Sights Scents Confirm It - This is Augusta

By George WhiteApril 6, 2004, 4:00 pm
I am a lucky man. When I am on my deathbed, I can tell the doc ' and any golfer who is within earshot ' that I went to the Masters 12 times. And I got to play Augusta National once.
Members of the media are able to play once in their lifetime - on the Monday following the tournament. After surviving the media lottery, I teed it up in 1984. It rained 1 inches that day and I lost my umbrella around the third or fourth hole. We were allowed to take out a golf cart ' though it didnt have a roof. If it were any place else, I would have said, No thanks, and stayed dry inside the clubhouse. But this was Augusta National, and it was the only chance I would ever have to slap it around the hallowed acreage. So ' I carried on. Swam on, actually.
But I remember down around Amen Corner, the sun actually broke though for about half an hour. Number 12, the little par 3, I made a complete mess of. But on 13, I had the thrill of my golfing life. I hit a driver, a 3-wood and a 9-iron to about three feet of the hole. I was putting for birdie.
I carefully tapped it ' and watched in horror as it teased the cup, then kept going until it settled four feet on the other side! Arnie forgive me, but that one I raked back in. I probably wouldnt have made it, but I wasnt going to give myself the chance. Since that day, Ive airily said, Oh, I played Augusta once actually putted for birdie on the 13th from about three feet, but I missed it and had to take par.
But the city in early April is a glorious place. Ive been in Augusta in the late summer, and its not nearly as impressive. But in early April, its as beautiful as any place on earth. Its still rather chilly. It always seems to rain this week, at least one day. But the smells of the foliage blooming, the scent of the pines in the early morning still covered with heavy dew the shrubbery and flowers bedazzle you with their brilliance. It is all such a vivid palette of sights and smells and the cleanliness of the town is ' well, just awesome.
The first glimpse of the course is awe-inspiring, also. The drive in is rather mundane. The parking lot is outside the gate, and for a moment, you wonder what all the hubbub is about. You show your ticket at the entry way, and still you cannot see much. You pass the merchandise building. You pass the press building.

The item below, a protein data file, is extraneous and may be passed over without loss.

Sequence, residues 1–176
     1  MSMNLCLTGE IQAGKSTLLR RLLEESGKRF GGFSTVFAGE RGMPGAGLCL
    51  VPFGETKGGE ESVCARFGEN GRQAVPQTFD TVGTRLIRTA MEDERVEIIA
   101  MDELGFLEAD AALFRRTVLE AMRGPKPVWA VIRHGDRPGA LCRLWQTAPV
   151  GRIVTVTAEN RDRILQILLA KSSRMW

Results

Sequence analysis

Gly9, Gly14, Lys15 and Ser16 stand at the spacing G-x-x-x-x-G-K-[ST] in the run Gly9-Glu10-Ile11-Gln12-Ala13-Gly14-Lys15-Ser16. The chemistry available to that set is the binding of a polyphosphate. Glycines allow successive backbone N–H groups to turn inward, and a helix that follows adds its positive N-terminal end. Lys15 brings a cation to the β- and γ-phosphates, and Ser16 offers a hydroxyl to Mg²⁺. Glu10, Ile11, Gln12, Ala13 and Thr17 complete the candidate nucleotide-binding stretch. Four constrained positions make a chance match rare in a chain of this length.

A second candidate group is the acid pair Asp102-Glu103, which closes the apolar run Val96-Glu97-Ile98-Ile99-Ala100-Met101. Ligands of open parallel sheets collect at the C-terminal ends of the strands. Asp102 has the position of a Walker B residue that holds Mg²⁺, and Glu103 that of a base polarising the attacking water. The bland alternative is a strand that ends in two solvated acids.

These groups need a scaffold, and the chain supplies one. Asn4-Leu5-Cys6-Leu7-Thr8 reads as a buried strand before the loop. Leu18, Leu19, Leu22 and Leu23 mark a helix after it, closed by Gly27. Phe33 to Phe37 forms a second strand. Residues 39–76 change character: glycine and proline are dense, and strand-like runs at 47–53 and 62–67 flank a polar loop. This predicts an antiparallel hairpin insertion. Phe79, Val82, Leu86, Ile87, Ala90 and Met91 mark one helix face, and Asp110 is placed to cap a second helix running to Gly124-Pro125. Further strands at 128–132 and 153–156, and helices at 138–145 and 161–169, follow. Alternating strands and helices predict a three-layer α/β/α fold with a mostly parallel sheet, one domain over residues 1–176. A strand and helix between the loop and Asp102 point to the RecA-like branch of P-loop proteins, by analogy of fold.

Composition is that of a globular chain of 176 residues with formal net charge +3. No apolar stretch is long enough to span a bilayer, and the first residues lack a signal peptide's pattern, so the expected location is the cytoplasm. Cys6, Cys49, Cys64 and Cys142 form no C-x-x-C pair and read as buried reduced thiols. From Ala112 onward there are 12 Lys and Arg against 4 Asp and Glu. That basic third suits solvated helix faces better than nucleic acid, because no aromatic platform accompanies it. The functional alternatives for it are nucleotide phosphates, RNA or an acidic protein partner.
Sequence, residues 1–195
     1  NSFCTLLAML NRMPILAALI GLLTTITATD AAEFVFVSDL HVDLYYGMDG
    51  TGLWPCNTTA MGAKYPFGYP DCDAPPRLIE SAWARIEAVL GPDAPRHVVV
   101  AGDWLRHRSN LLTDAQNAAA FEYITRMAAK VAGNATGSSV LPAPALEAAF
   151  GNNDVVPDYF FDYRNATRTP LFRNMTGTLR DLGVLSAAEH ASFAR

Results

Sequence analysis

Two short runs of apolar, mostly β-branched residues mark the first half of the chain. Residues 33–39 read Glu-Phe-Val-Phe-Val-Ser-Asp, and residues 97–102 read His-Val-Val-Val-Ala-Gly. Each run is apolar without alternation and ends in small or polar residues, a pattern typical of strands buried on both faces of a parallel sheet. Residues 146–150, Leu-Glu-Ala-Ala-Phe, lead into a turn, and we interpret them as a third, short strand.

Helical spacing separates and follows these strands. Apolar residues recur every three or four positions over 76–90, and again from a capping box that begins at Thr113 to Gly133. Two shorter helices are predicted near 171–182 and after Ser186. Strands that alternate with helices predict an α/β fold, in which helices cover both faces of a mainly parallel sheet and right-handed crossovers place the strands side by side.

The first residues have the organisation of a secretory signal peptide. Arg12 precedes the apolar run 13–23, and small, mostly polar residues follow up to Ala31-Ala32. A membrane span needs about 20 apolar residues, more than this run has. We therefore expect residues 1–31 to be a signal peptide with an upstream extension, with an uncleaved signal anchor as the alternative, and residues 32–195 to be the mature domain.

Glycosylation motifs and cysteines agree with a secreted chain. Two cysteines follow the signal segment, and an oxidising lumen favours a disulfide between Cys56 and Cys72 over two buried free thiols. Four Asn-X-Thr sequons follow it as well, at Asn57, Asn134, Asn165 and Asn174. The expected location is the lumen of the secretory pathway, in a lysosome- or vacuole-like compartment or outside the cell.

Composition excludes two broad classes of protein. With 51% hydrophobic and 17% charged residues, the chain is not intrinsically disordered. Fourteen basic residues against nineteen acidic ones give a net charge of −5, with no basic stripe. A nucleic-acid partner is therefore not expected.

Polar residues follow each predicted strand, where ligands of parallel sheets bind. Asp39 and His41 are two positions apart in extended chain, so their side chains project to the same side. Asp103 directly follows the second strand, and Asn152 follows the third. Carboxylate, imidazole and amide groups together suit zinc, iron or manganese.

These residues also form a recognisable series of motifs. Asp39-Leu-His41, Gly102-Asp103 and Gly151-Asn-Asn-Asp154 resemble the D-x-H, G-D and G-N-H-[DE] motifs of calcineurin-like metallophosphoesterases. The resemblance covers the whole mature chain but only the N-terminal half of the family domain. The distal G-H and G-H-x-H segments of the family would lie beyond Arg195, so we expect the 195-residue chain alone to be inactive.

And then, it hits you ' this is a sight that you will savor until your dying day. You round a turn and there it is ' the course, a brilliant shade of green, is all out there in front of you. From the vantage point up high near the clubhouse, you can see so much of the course. Steep elevation changes mean that perhaps 10 of the 18 holes are visible. The land drops more than a hundred feet between the 10th tee and Amen Corner ' the 11th green, the par-3 12th, and the first half of the par-5 13th.
From this vantage beside the storied old clubhouse, the course actually looks like velvet. Immaculately maintained, it is open only from October through to the following May. It is closed during the summer months, when plastic sheets are spread over the bunkers to prevent grass from growing in them. No one plays there, and few play there when it is open. Seems like the upkeep on such a pasture would be simple. And it is, when compared with other golf courses.
But the greens are so lush in April. The grasses are one hue, then the trees are another. Splashed out amongst the course is the brilliant whites of the sand in the bunkers. All in all, it looks like a cathedral to the gods.
The fairways are composed of many length-wide stripes, stretching from the tee box to the greens, each perhaps 6-10 feet in width. One is a light shade of green, another darker. This is the result of daily mowing ' the direction the mower is traveling determines to shade of green.
In several areas the flowers are vividly in view ' the whites and pinks and reds and yellows bursting with a spring-time brilliance. As just about all Masters aficionados know, this was a huge nursery around the turn of the century. Much of the flora was transported from other regions by the Belgian owners. When it was sold and a golf course laid out, the developers kept the flowers. Legend has it that ice is applied to the beds to ensure that the flowers all bloom at once, precisely at this time in April. It isnt true, of course ' but it illustrates the incredible beauty the casual onlooker feels when he first is hit by the brilliant splash of colors.
Forget for a moment the politics of the club, whether it should or should not accept women, whether most of the members are Republican or Democrat, whether the leadership is a bunch of old fogeys who view their golf with a stiff upper lip and an even stiffer mint julep. This is Augusta National, and the sights and smells are among the most pleasing on earth.
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